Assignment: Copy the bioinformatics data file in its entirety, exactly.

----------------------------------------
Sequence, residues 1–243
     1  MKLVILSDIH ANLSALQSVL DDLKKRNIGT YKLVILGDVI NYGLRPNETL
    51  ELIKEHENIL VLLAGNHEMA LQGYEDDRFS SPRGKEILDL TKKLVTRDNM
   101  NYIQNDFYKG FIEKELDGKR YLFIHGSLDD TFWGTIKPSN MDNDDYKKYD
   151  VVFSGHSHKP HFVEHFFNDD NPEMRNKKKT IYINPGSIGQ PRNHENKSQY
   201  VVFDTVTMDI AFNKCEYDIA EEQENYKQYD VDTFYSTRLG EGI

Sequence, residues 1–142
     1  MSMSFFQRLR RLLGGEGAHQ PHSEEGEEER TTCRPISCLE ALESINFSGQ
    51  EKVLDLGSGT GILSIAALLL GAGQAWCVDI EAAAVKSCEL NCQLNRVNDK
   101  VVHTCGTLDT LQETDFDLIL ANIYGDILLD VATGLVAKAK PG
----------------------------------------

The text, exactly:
Sequence, residues 1–243
     1  MKLVILSDIH ANLSALQSVL DDLKKRNIGT YKLVILGDVI NYGLRPNETL
    51  ELIKEHENIL VLLAGNHEMA LQGYEDDRFS SPRGKEILDL TKKLVTRDNM
   101  NYIQNDFYKG FIEKELDGKR YLFIHGSLDD TFWGTIKPSN MDNDDYKKYD
   151  VVFSGHSHKP HFVEHFFNDD NPEMRNKKKT IYINPGSIGQ PRNHENKSQY
   201  VVFDTVTMDI AFNKCEYDIA EEQENYKQYD VDTFYSTRLG EGI

Sequence, residues 1–142
     1  MSMSFFQRLR RLLGGEGAHQ PHSEEGEEER TTCRPISCLE ALESINFSGQ
    51  EKVLDLGSGT GILSIAALLL GAGQAWCVDI EAAAVKSCEL NCQLNRVNDK
   101  VVHTCGTLDT LQETDFDLIL ANIYGDILLD VATGLVAKAK PG